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Ciba Found Symp. 1994;181:118-34; discussion 134-43.

Genetic models of mammalian neural tube defects.

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Developmental Biology Unit, University of London, UK.


Several mouse mutations disturb the embryonic process of neurulation, yielding neural tube defects. Analysis of the mutations offers the most feasible approach to understanding the aetiology and pathogenesis of human neural tube defects. Interactions between the non-allelic mutant genes and between several of the mutant genes and modifying genes in the genetic background modulate the frequency and severity of the defects that develop. Environmental factors interact with the genetic predisposition either to increase or to decrease the incidence of defects. The gene loci corresponding to two of the mutations, splotch (Sp) and extra toes (Xt), have been identified as those encoding the transcription factors Pax-3 and Gli3, respectively; their human homologues are associated with Waardenburg type I syndrome and Greig's cephalopolysyndactyly. Embryological analysis reveals that several of the mutations disturb the process of neural tube closure at the posterior neuropore (in the lumbosacral region), yielding spina bifida and/or tail defects. The different mutations appear to achieve this developmental end-point by different underlying mechanisms. In curly tail (ct), non-neural tissues proliferate abnormally slowly causing ventral curvature of the neuropore region and inhibiting neural tube closure. Neural tube defects can be prevented in cultured ct/ct embryos by experimentally correcting either the proliferative imbalance or the ventral curvature. In Sp the primary defect appears to reside in the neuroepithelium. A combination of genetic analysis, gene cloning and experimental embryology is revealing that neural tube defects in mice and, by implication, in humans are a developmentally heterogeneous group of malformations.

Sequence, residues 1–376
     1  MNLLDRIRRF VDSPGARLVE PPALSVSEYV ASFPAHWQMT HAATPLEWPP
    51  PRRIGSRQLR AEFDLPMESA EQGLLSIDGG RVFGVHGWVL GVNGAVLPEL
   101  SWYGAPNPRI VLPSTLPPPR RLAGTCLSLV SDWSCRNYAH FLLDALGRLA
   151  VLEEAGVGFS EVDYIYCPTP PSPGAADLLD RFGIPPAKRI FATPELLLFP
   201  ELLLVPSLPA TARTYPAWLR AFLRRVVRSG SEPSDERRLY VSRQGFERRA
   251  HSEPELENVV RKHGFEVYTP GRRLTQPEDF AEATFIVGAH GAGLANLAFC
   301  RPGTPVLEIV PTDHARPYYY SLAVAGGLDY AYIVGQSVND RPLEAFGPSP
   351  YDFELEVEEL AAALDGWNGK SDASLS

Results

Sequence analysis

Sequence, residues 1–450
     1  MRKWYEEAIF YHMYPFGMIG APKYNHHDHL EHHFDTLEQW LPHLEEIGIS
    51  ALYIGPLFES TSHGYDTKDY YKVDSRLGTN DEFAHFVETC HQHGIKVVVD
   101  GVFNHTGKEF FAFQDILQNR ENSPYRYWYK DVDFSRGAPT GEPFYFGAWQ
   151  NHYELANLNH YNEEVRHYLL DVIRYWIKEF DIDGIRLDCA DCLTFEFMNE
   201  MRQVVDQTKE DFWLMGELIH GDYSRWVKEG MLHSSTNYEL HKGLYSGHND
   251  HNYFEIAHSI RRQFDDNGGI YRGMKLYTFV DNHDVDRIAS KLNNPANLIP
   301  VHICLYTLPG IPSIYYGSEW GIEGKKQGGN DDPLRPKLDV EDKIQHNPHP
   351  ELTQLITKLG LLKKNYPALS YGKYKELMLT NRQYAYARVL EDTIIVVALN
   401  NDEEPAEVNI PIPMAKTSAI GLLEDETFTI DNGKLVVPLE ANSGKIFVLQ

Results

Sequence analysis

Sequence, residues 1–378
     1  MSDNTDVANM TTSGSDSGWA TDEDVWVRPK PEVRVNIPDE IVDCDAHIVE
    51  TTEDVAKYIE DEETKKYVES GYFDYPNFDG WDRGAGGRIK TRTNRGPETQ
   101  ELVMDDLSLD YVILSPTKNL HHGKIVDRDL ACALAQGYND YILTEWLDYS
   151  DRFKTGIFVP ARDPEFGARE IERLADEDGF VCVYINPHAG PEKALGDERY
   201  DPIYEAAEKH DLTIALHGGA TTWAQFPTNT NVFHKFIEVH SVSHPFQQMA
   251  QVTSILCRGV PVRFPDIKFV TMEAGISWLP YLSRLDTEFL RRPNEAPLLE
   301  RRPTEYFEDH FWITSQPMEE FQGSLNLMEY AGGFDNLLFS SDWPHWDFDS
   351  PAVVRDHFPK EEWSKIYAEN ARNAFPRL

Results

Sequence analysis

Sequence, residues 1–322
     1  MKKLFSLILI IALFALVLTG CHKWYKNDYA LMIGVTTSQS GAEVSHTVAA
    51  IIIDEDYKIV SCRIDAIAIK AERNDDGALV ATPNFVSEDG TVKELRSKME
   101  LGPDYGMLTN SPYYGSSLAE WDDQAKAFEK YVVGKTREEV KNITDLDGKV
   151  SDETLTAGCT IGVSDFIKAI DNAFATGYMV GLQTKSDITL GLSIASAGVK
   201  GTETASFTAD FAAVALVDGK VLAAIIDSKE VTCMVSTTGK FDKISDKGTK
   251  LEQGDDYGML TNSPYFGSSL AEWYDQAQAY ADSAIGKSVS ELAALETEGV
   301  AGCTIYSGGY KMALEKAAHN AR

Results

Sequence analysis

[Indexed for MEDLINE]

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